Learning that the Chicago Teachers Union’s House of Delegates refused to give its approval to a settlement that could have put Chicago Public School students back in the classrooms as early as Monday gave me the same gut feeling as watching a baseball blown foul.
In my mind, I could hear the Harry Caray “home run” call when I learned last week that a tentative deal was in place.
HARRY GETTING ALL worked up (“It might be,”) over a deep fly ball that definitely is headed (“it could be,”) for the stands.
But then at the last second, that gust of wind from the south blows the ball just to the left of the foul pole – turning the would be “it is!” into a foul ball.
What makes this particular shot galling is that it is the delegates who seemed to be determined to will the ball foul. Picture the '75 World Series Carlton Fisk waving his hands in the opposite direction!
The explanation given Sunday for the lack of a vote was that the delegates for the teachers felt rushed – even though a vote originally was expected Friday. They want to take their sweet time reviewing this deal.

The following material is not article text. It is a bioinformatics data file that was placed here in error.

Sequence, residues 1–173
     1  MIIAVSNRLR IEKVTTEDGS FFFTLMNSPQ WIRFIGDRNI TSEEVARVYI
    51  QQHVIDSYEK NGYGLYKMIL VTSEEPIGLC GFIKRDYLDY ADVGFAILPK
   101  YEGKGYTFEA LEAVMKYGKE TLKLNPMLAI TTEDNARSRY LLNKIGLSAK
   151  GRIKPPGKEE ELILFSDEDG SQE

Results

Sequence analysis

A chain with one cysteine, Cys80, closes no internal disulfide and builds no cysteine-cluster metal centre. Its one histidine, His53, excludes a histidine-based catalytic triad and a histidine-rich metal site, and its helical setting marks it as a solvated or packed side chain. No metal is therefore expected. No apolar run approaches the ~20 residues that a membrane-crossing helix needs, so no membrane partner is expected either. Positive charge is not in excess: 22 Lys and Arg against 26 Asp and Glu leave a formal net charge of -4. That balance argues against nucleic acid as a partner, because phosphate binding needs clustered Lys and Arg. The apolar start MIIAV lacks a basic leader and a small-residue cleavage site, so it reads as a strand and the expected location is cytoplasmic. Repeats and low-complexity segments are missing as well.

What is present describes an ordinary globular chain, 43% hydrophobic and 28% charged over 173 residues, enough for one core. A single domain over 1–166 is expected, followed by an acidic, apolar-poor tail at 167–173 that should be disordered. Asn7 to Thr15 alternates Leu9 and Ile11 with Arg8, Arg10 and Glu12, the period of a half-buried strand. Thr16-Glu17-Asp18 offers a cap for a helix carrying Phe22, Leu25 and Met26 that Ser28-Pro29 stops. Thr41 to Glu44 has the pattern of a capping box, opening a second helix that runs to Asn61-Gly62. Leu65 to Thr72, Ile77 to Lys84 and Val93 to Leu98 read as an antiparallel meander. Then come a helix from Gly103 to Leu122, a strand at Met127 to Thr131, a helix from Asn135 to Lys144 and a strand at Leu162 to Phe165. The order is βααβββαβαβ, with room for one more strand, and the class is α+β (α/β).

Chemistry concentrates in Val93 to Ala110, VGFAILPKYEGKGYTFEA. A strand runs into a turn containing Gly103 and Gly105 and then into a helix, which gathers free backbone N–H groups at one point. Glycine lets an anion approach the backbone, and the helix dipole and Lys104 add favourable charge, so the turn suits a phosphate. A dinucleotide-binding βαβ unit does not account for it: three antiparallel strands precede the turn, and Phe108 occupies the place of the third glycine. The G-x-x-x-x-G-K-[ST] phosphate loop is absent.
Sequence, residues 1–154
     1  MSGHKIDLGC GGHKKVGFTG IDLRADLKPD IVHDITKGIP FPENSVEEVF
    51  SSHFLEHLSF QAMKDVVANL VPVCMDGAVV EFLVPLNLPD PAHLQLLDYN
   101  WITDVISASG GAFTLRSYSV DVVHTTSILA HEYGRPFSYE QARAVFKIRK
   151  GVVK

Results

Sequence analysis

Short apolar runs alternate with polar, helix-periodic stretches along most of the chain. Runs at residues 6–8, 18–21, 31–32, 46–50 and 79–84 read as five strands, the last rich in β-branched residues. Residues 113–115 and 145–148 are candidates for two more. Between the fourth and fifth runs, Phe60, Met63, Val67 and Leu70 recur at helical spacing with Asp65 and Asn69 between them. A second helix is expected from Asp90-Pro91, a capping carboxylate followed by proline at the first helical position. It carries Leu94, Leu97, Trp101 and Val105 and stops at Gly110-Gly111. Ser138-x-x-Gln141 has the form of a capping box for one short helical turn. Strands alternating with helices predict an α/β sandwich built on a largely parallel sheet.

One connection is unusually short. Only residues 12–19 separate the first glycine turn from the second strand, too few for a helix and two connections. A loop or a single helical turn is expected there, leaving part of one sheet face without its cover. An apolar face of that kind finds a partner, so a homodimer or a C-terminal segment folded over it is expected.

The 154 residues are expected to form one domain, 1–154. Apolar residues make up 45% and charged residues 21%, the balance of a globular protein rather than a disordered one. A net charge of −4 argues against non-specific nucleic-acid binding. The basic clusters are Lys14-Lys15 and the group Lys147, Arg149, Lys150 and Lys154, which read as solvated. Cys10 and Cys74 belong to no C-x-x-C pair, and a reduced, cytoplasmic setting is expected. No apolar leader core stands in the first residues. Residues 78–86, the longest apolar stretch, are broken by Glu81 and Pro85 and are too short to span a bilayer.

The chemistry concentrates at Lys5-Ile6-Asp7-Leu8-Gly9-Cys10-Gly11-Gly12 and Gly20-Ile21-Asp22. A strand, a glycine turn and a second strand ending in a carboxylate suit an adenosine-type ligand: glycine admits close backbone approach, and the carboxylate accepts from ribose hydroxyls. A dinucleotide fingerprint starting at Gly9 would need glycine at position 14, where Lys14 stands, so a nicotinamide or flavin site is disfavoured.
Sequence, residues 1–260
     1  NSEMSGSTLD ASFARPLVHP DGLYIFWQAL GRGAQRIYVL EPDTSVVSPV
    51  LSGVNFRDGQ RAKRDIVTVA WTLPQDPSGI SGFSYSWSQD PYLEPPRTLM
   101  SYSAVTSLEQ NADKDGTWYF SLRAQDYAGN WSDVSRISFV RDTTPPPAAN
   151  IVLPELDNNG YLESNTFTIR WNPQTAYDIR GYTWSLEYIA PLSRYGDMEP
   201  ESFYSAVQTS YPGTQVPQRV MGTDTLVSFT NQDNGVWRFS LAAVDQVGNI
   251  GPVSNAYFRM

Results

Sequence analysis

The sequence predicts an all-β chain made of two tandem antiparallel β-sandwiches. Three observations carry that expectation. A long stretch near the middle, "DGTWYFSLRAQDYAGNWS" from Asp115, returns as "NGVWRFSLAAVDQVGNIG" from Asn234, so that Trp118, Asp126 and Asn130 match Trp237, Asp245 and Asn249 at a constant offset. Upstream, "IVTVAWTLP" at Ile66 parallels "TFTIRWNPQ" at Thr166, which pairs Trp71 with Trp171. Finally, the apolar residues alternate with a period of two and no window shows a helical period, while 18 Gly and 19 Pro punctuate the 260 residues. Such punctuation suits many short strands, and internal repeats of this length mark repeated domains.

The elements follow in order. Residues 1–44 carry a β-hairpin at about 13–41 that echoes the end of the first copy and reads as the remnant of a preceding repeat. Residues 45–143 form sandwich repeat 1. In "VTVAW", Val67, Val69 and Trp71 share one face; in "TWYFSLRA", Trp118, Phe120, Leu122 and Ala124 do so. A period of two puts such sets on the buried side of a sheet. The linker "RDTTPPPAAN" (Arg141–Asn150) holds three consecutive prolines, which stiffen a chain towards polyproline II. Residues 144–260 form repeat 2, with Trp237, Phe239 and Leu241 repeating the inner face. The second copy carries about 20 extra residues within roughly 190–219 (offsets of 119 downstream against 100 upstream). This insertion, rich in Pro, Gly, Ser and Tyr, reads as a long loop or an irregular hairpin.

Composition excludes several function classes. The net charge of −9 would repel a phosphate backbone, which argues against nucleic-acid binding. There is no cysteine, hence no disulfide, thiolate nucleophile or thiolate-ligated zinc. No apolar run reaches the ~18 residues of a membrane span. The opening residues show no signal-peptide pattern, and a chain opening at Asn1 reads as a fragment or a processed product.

I DON’T THINK they fully appreciate how much people were pleased to know that this “strike” was only going to be a week-long thing. The fact that it now will go into a second week is bound to shift the will of the public toward the tyrannical antics of Rahm Emanuel.
That’s the Rahm-bo who got his butt whupped by teachers union boss Karen Lewis. Yet it seems that her own delegates want to give Emanuel some first aid so he can resume the fight.
Which he seems determined to do. His reaction to learning of the lack of a vote of approval was to say that he will get a judge to issue an order that forces the teachers to go back to work.
If that happens, I wouldn’t be surprised if the Chicago Public Schools suddenly rescinded a lot of the points they were willing to concede.
SO HERE’S HOPING that these same delegates follow through with what Lewis says is possible – a vote on Tuesday that could result in classes resuming Wednesday. If they open any later, I could see the mood getting downright U-G-L-Y!
Those two days might not be much in the short-run. But the teachers have managed to give up some serious good will with the way they have handled this.
Talk about the potential for turning victory into defeat. This is the kind of maneuver that I would only expect the Chicago Cubs to be capable of doing. I wouldn’t have envisioned it possible in the field of labor negotiations.